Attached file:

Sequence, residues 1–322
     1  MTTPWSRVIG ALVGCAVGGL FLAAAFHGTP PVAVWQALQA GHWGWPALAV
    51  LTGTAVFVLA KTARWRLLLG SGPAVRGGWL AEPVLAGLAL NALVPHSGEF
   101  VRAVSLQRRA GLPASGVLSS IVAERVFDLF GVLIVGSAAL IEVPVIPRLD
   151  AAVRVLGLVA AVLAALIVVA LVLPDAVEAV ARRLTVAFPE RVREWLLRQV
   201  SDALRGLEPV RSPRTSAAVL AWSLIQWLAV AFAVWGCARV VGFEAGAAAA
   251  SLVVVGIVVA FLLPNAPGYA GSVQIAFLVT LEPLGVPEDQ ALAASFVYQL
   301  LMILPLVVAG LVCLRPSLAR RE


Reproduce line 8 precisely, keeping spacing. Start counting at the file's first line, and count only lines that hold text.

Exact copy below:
   301  LMILPLVVAG LVCLRPSLAR RE